People return home as floodwaters recede in India

Thousands of hungry and exhausted people waded back to their mud-filled homes from relief camps Tuesday as floodwaters began receding in remote northeastern India.

Nearly half a million people took refuge in camps set up in government buildings as the worst monsoon floods to hit Assam state in a decade devastated the region, killing 95 people and leaving 14 others missing.

Soldiers were using helicopters and speedboats to supply food and drinking water to the nearly 2 million people affected by the floods, which began last week, army Lt. Col. N.N. Joshi said.

With the waters receding, local officials were considering ways to dispose of the rotting carcasses of hundreds of thousands of cattle that perished. Joshi said soldiers and local officials would help bury dead animals to prevent the spread of disease.

In Sonitpur, one of the worst-hit districts, the stench of dead animals was overpowering.

"I am waiting for the water to go down some more before we can remove the carcasses," said Bhim Bahadur, a dairy farmer in Phateki village in Sonitpur, as he sprinkled powdered lime around his house as a disinfectant.

Bahadur said more than a dozen of his cows were swept away by the Brahmaputra River thundering nearby. The bodies of some of the animals could be seen entangled in a bamboo thicket some distance from his house.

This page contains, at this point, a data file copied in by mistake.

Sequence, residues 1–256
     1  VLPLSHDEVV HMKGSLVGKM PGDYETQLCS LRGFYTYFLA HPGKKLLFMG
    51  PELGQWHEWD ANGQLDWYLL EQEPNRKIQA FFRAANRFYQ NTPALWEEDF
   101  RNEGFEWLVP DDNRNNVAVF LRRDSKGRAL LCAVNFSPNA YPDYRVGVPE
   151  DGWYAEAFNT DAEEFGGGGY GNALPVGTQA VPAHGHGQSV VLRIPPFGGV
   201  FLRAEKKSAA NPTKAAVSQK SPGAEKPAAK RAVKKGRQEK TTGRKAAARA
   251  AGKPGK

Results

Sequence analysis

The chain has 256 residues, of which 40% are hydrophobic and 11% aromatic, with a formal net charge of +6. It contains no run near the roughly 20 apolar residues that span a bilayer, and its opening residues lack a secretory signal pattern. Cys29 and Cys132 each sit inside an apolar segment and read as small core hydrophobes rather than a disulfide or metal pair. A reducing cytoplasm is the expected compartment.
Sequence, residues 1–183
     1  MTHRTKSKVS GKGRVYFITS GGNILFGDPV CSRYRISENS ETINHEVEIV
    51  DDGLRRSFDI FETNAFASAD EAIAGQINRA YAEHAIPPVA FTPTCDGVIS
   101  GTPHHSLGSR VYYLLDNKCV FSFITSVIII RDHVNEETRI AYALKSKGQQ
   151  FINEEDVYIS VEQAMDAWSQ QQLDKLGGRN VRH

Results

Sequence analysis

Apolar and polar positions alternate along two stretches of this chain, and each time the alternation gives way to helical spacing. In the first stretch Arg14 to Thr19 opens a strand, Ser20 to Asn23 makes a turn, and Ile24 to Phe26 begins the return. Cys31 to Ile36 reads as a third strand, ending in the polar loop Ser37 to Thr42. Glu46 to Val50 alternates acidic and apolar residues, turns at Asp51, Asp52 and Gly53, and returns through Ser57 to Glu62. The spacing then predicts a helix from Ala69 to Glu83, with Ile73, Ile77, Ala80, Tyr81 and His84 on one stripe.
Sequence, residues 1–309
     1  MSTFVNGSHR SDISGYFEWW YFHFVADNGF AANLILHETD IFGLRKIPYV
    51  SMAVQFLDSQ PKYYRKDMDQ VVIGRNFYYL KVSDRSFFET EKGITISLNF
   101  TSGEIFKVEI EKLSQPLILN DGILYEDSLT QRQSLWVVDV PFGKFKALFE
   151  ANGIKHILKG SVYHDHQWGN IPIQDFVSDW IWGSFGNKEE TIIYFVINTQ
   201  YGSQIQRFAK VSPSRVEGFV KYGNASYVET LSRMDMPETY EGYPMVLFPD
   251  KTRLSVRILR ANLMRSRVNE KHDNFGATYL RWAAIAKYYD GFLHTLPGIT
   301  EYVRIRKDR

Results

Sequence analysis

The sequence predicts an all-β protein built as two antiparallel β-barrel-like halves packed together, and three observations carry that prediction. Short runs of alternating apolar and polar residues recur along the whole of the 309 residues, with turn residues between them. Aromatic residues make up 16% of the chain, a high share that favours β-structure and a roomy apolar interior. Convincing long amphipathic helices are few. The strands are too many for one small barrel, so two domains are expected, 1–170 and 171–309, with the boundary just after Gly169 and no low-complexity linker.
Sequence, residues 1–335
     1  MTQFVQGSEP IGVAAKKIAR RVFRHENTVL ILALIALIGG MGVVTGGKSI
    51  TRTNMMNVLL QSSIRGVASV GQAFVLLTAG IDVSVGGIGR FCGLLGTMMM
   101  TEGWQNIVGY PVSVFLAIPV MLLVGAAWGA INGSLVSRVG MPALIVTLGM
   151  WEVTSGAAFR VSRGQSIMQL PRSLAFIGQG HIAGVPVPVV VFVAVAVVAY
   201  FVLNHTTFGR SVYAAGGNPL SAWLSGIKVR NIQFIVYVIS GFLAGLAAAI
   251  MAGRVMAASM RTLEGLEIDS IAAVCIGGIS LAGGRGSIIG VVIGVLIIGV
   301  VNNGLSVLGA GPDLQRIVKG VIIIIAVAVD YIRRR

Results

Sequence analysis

"One of the embankments of the river burst, and the water washed into the house and fields, taking away everything," he said.

His daughter-in-law Sabita Debi was trying to dry some papers that had been soaked. "We've lost all our land documents and school certificates," she said.

Joshi said army doctors and local medical teams were visiting the relief camps to prevent the outbreak of water-borne diseases. "We are handing out anti-malaria pills and distributing disinfectants," he said.

All 27 districts in Assam have been affected by the floods. Tens of thousands of hectares (acres) of rice and other crops have been washed away in the floods, which began June 27 with torrential monsoon rains.

The head of India's ruling Congress party, Sonia Gandhi, and Prime Minister Manmohan Singh flew over the affected areas on Monday. Singh announced assistance of 5 billion rupees ($90 million) from the national government to help the state cope with the emergency.

Monsoon floods hit Assam, with a population of 26 million people, almost every year, with heavy rains swelling the Brahmaputra and its many tributaries that crisscross the state.